Previous research has shown that patient abandonment of prescriptions rises in proportion to cost-sharing, suggesting that eliminating cost-sharing would increase revenues by boosting the likelihood that patients will fill prescriptions. Based on this premise, researchers analyzed data on patient abandonment of prescriptions at varying levels of cost-sharing alongside data on cost-sharing per assistance-eligible claim, in order to estimate the increase in top manufacturers’ revenues generated by removing patient cost-sharing. They found that the top manufacturer in the average condition could expect an increase in revenues of 31% in 2010 and 36% in 2017 if it donated funds sufficient to cover all of patients’ cost-sharing for all drugs in the relevant condition.

Drug Industry Perspective

Katie Koziara, Director of Public Relations of PhRMA, defends manufacturer contributions to assistance charities, which pass those funds to patients in the form of coupons or other means. “Too many insured patients face high out-of-pocket costs for brand medicines because of insurer-imposed barriers like high deductibles and coinsurance, which shift the cost of life-saving care onto patients. Coupons help eligible, commercially insured patients afford their out-of-pocket costs to obtain the medicines they need. In fact, the share of patients staying on treatment for one year increased by up to 47% when patients used copay coupons,” Koziara told 340B Report.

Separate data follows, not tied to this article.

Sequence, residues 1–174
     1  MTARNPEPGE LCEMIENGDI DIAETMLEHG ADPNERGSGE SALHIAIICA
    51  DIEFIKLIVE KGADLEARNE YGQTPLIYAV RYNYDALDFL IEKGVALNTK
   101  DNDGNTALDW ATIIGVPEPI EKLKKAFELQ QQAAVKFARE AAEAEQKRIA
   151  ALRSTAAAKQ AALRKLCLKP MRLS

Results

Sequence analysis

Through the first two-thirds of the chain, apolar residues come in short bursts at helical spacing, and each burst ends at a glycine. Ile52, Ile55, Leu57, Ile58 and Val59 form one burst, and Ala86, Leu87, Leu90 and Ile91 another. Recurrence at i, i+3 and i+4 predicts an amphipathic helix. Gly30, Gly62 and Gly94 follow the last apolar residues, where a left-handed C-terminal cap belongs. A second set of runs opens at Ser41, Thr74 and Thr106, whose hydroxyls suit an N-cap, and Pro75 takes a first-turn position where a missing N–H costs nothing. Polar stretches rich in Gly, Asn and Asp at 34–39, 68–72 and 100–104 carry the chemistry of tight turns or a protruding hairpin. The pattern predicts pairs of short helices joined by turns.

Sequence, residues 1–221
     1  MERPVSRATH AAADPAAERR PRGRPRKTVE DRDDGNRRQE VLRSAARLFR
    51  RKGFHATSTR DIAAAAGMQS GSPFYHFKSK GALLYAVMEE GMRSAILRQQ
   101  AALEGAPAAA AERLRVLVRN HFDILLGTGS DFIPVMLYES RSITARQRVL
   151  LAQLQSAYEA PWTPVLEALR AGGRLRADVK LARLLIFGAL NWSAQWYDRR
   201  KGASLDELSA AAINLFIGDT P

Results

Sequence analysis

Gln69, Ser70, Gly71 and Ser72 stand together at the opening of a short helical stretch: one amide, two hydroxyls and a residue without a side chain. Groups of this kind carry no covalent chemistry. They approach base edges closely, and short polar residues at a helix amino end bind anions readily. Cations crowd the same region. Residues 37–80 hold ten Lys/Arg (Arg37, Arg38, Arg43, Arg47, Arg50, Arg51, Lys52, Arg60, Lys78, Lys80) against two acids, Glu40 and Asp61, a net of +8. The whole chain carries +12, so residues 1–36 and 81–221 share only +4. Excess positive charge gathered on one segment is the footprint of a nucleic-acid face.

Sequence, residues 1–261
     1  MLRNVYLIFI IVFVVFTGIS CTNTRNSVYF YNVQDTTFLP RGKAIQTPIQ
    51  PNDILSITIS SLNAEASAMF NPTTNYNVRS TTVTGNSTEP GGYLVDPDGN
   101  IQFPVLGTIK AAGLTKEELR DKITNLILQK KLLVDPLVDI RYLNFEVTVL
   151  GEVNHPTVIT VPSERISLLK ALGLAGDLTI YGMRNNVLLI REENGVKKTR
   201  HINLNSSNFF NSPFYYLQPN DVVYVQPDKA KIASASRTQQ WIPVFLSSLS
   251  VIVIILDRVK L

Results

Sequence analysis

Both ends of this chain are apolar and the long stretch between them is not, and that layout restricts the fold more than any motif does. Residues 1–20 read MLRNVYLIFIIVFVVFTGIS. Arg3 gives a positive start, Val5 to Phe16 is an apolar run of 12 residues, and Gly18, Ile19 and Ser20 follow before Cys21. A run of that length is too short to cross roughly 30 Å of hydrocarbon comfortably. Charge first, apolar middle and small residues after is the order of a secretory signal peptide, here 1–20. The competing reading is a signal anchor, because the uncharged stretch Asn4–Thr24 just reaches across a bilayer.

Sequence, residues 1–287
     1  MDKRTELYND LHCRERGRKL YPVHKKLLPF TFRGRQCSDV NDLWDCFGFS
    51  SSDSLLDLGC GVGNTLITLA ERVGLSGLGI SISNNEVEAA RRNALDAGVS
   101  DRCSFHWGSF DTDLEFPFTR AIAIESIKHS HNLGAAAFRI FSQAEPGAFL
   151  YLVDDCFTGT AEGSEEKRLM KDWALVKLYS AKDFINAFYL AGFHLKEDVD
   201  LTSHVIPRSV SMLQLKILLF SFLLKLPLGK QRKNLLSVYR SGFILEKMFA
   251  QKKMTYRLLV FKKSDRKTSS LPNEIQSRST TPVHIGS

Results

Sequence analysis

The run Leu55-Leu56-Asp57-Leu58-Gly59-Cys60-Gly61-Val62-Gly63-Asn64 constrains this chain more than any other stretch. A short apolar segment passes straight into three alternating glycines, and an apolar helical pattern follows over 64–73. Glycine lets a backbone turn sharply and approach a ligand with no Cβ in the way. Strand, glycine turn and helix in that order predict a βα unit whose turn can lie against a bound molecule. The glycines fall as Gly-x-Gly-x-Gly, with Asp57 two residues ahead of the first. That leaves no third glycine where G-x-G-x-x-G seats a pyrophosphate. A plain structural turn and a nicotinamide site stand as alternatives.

By contrast, study authors say assistance programs “weaken manufacturers’ incentives to accept lower prices from insurers. By undermining patient cost sharing, assistance programs leave insurers with a less effective tool kit for steering utilization and containing spending.”

The scope and footprint of patient assistance charities has grown significantly between 2010 and 2017, the study found. The number of conditions covered increased from 87 in 2010 to 154 in 2017. The share of MA enrollees with a claim for at least one assistance-eligible drug rose from 29% to 41% during that timeframe and the percentage of MA spending on assistance-eligible drugs increased from 25% to 38%. The proportion of cost-sharing for these drugs increased from 19% to 30%.